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Home Alone is Risky Business

Our youngest son’s move to Texas earlier this month offered me an unusual opportunity – six days home alone.

Sam’s overloaded Oldsmobile meant his road trip would be a father-son-only adventure. Also, I don’t think they wanted to hear me sobbing in the backseat for 1,767 miles.

I’ve never been alone in my house for more than a weekend. When Derek was in the National Guard, he was out of town frequently, but I always had a houseful of boys to wrangle. Honestly, I was looking forward to some solitude.

Here are a few excerpts from my Home Alone journal:

Day one: Knowing I’d have an emotional morning, a friend treated me to lunch. I ordered a large sandwich and put half of it in a to-go container for dinner. Everything was lovely until I forgot it at the restaurant. “It’s Derek’s duty to make sure I don’t leave my leftovers behind!” I wailed. My friend expressed concern about my ability to survive alone.

Needing to shop for some single-lady food, I headed to Trader Joe’s. My purchases may or may not have included a box of wine and three ginormous chocolate bars, but I definitely bought a salad.

Once home, I eyed the two huge zucchini that Derek didn’t have time to grate before he left. I decided to worry about that tomorrow.

Day two: I purchased a food processor because those zucchini weren’t getting any fresher, and there was no way I was going to grate them by hand. Then I went to visit my mom. We had a nice chat until I showed her the picture of Sam in front of the U-Haul the morning he left. Then we had a nice cry.

I might have spent too much time away from home because Walter, our cat, went feral. He slaughtered a fly and ate it in front of me.

This reminded me it was dinner time. I considered the salad I’d bought but opted for making nachos in the microwave. Dinner in hand, I settled into the recliner to watch a movie (you can do things like this when you live alone). That’s when I realized I hadn’t turned on the TV since the guys left and I didn’t know how to find the movie on my watch list. I made it almost 48 hours without a call to tech support (Sam).

Day three: No bacon. Derek usually makes breakfast on the weekends and that usually includes bacon. I eyed the chocolate bars but decided to scramble some eggs, instead.

Then I took a long walk and scheduled a pedicure for later. Weekend days can drag when you’re alone, so I was thankful I had a happy hour with a friend on my calendar.

“How are you doing?” she asked.

“Great!” I replied. “But I am talking to my cats. A lot.”

I gave her some zucchini (small ones) and when I got home I took the food processor out of the box. It had several pieces and a large instruction book. I decided to go to bed early.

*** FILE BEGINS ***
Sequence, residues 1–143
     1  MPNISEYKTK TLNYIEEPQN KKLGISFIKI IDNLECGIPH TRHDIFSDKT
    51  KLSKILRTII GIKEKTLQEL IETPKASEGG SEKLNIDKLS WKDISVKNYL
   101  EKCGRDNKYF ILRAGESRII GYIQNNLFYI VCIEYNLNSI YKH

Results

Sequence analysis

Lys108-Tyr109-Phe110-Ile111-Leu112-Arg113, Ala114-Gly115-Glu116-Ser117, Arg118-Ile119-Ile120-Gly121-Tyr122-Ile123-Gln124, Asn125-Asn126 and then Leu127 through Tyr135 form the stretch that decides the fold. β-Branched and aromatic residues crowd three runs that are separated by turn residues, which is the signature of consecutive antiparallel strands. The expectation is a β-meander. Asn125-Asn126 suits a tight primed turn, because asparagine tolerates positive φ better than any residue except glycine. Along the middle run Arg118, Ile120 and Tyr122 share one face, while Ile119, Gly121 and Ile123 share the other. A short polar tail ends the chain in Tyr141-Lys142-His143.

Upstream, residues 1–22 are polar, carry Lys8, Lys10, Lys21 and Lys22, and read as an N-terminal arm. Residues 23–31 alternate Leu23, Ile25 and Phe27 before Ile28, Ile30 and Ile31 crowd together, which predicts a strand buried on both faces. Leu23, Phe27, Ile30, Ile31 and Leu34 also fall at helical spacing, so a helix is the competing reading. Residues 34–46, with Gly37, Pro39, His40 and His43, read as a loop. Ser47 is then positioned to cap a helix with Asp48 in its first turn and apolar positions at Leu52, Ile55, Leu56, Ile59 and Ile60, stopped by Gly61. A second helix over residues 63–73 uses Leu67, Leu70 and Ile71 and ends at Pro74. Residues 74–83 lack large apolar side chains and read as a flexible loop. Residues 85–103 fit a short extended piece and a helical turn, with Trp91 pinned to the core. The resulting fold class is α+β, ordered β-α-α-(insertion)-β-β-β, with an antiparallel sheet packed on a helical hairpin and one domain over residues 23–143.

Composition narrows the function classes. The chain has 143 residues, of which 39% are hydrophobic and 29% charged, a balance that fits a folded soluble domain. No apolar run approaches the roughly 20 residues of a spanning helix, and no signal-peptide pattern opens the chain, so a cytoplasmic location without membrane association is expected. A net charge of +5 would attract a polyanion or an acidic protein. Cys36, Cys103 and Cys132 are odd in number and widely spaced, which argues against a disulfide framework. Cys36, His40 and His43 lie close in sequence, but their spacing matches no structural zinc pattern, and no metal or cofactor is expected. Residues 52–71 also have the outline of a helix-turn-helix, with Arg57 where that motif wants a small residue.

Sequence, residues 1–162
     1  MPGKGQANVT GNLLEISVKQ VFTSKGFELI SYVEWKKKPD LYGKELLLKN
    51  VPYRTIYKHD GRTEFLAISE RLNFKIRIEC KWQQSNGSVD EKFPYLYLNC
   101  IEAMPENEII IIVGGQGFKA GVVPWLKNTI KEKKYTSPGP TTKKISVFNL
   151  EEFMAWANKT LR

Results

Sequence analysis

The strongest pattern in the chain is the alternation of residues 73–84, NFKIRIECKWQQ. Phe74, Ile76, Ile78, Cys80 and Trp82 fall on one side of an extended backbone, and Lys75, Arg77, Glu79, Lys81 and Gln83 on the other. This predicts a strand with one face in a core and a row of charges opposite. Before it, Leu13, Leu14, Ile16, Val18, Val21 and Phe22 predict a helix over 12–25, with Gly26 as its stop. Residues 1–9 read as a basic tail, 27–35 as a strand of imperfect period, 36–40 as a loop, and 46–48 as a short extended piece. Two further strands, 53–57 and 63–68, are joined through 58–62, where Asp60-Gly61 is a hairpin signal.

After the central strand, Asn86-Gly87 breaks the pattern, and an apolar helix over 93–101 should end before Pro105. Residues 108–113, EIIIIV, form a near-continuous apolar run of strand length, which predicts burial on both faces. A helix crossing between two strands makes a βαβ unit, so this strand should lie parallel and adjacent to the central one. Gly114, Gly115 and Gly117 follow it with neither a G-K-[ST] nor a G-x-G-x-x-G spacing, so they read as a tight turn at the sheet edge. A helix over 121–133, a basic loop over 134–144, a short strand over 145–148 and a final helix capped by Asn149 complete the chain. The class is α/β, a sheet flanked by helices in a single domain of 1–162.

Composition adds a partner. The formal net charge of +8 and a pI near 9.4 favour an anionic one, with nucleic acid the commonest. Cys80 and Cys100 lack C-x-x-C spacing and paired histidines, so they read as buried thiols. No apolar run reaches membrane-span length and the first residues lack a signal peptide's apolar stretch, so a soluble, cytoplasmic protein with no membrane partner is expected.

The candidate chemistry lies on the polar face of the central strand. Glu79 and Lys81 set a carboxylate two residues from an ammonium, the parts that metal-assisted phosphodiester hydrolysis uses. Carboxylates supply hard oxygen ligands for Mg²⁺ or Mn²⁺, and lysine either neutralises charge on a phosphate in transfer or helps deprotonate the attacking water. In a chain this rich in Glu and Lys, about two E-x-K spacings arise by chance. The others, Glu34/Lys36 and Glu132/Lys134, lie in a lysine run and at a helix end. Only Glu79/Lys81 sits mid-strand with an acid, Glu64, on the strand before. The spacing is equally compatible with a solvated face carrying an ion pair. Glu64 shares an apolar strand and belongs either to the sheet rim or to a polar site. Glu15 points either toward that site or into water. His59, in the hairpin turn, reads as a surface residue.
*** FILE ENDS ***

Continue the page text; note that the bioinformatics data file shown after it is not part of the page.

Day four: Labor Day. It’s officially OK to drink pumpkin spice coffee now, so I indulged. Then I labored in the yard, the responsibility of keeping everything green and blooming weighed heavily. I miss Derek.

Moving inside, I cleaned the house, which took 10 minutes. That’s a benefit of single life I could get used to. Despite my sparkling home, something smelled funny. I checked the zucchini. They were fine. Then I remembered with Sam gone, I’m responsible for the litter box.

I really miss Sam.

Day five: I interviewed a lady about her rock collection and worked my way through my overflowing inbox. In the afternoon, I went out to the shed and got out the leaf blower to clean off the deck and gazebo. The battery was dead. I called Derek and he told me to take the battery out of his drill and use that. By golly, I figured it out!

That’s not the kind of risky business I envisioned for my week alone. Thankfully, it was time to meet a friend for dinner.

Day six: I hosted my writers group in the gazebo and when they left I decided to water the lawn. I turned on the water and got a blast in the face. I texted Derek, “A leak! The house sprung a major leak!”

It’s hard to text with wet hands, so Derek was relieved that the hose was leaking and not the house.

With his return imminent, I returned to the food processor. I wanted to get those zucchini taken care of. Then I read another bold print section, “Warning! You can be killed or seriously injured if you don’t follow these instructions.”

If I’m going to die or be dismembered, I want my husband with me.

When I picked him up at the airport the next morning, he asked how I enjoyed my week.

“Home alone is fine,” I replied. “But home with you is better.”

Then I handed him the food processor instruction book.

Cindy Hval can be reached at dchval@juno.com. Hval is the author of “War Bonds: Love Stories from the Greatest Generation” (Casemate Publishers, 2015) available on Amazon and bookstores nationwide.

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